Despite these unsavoury outcomes, globalisation has significant potential to create value for at-risk populations. It opens up new avenues for economic participation and growth. Marginalised communities, such as ethnic minorities, Indigenous peoples, women, urban poor and rural populations, can access global markets, trade networks and investment opportunities. This enables them to engage in entrepreneurial activities, expand their businesses and increase their income. Additionally, globalisation can lead to jobs and industries created in previously underserved areas, fostering economic development and reducing poverty.
Globalisation enables the rapid dissemination of medical knowledge, scientific advances, technology and expertise, benefiting at-risk populations. Improved access to life-saving drugs, diagnostic tools and treatment options can enhance health outcomes. Global collaborations address major communicable diseases such as HIV/AIDS, malaria and tuberculosis and major non-communicable diseases such as cancer and heart disease, which are rising at exponentially higher rates in developing countries and among the most vulnerable populations.
Furthermore, globalisation promotes cultural exchanges and the recognition of diverse cultural identities. Marginalised communities often possess unique cultural traditions, knowledge systems and artistic expressions that can be shared and celebrated on a global scale. Increased cultural interactions through tourism, media and cultural exchange programmes foster cross-cultural understanding, appreciation and respect. This recognition helps marginalised communities preserve and revitalise their cultural heritage, enhancing their sense of identity and pride – which are essential for health and wellness.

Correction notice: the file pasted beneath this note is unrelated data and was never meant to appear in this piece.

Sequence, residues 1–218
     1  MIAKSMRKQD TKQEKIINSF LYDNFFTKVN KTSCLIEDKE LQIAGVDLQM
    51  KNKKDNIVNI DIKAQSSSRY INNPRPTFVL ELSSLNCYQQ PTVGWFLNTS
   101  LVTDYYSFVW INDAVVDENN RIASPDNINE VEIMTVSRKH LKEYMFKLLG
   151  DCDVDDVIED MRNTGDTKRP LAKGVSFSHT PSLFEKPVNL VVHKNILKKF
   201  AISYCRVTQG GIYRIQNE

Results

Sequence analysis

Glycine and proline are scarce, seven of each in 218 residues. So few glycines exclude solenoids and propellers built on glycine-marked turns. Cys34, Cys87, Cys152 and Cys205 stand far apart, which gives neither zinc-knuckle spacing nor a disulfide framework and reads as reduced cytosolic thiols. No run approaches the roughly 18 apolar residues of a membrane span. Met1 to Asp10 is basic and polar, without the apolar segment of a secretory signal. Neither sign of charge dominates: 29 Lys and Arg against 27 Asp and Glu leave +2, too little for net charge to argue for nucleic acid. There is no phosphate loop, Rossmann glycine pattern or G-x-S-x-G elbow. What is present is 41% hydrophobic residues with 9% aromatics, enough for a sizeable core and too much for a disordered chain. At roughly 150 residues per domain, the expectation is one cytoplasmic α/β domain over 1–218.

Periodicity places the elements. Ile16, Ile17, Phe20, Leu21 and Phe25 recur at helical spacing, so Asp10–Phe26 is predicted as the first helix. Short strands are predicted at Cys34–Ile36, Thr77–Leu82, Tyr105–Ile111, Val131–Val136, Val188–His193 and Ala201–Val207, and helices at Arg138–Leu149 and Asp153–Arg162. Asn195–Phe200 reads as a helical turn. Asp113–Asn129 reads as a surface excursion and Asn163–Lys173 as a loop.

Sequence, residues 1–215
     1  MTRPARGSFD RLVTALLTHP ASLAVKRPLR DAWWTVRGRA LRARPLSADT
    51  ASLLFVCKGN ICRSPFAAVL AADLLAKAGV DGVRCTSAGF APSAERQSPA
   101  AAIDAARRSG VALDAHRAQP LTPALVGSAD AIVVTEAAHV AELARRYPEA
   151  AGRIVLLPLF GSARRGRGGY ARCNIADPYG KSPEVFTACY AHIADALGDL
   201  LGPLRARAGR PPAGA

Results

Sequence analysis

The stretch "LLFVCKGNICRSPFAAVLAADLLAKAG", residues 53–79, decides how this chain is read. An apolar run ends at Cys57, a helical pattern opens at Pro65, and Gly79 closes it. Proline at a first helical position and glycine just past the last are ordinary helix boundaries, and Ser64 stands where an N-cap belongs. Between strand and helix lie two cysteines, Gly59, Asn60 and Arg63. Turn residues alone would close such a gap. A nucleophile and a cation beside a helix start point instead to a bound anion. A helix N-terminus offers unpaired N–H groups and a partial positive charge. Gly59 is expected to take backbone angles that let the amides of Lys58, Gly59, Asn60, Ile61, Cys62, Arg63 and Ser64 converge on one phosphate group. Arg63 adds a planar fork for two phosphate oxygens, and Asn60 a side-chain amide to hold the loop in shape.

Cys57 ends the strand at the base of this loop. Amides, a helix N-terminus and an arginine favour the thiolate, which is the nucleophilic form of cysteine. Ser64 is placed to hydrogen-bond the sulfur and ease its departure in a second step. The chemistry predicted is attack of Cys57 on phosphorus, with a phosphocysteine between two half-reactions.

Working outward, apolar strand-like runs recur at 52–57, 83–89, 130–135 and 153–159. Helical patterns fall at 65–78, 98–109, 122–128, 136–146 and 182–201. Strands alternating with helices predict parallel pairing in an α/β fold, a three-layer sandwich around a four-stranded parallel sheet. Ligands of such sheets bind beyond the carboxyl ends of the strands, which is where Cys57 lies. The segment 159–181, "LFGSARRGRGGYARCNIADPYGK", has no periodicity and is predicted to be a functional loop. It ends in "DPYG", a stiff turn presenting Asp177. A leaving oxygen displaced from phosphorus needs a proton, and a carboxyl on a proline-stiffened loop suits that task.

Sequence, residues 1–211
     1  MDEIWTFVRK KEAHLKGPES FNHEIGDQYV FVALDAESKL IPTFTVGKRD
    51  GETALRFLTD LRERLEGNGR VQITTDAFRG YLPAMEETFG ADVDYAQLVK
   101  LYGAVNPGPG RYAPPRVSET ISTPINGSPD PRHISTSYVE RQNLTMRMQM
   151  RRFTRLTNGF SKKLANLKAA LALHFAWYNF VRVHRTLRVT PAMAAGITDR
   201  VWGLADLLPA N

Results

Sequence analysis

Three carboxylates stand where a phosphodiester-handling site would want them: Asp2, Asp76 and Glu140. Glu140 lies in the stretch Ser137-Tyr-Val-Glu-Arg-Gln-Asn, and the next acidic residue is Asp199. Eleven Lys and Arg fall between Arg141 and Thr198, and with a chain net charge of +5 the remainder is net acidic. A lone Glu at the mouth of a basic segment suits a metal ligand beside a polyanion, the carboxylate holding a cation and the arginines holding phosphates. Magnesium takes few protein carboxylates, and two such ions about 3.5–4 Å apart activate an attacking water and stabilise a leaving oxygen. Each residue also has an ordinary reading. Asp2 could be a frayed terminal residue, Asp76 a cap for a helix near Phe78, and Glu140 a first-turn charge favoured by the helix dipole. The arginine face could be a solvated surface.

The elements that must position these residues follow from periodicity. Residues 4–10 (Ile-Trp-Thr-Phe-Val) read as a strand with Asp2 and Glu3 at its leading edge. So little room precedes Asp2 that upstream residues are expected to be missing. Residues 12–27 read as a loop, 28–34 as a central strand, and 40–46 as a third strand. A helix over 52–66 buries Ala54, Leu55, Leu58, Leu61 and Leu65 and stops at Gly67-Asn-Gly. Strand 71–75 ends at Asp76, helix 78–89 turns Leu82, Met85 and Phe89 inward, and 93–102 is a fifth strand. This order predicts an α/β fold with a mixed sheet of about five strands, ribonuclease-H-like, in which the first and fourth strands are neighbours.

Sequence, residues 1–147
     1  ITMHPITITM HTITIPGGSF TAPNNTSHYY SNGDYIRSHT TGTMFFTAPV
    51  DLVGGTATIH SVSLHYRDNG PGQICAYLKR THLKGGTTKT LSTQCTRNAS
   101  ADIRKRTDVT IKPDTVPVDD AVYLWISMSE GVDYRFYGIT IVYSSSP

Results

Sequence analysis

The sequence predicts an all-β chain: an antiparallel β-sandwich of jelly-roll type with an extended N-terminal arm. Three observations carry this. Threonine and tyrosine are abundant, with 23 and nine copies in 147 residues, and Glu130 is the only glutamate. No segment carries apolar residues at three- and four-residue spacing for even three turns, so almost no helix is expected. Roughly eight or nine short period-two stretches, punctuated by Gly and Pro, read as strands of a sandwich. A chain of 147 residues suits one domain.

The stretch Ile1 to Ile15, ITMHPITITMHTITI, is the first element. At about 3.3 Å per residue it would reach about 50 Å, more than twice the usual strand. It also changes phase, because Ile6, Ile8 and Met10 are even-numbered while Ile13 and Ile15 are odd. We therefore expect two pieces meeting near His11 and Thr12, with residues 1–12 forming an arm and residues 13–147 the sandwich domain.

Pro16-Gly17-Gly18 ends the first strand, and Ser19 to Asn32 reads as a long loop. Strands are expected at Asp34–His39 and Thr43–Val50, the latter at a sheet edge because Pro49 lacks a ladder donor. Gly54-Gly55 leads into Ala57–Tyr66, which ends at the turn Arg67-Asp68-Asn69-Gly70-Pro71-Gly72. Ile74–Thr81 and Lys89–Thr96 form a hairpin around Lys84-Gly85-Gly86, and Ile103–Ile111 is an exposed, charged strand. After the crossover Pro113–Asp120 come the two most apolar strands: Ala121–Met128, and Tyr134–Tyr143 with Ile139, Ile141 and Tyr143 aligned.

Globalisation promotes the growth of multinational and multicultural organisations and initiatives aimed at improving the health of at-risk populations. Essential healthcare services, clean water, sanitation facilities and nutrition programmes may be provided through these multicultural and multinational engagements.
The value of globalisation as a framework for amplifying the voices of at-risk populations through social media, international networks and advocacy platforms is often not appreciated. Activists and grassroots organisations raise awareness about health inequalities, demand policy changes, and hold governments and corporations accountable. This increased visibility can lead to improved health policies and targeted interventions.
The impact of globalisation on the health of at-risk populations is multifaceted. Although it can exacerbate health disparities, environmental degradation and the spread of infectious diseases, globalisation also offers opportunities for improved access to economic opportunities, medical advances, cultural exchanges and advocacy. Prioritising equitable resource distribution, sustainable development and inclusive policies is crucial in harnessing the potential of globalisation to enable positive health outcomes. By addressing negative impacts and building on positive aspects, it is possible to create a globalised world that promotes the health and well-being of at-risk populations and the potential for global solidarity and collaboration to address common challenges.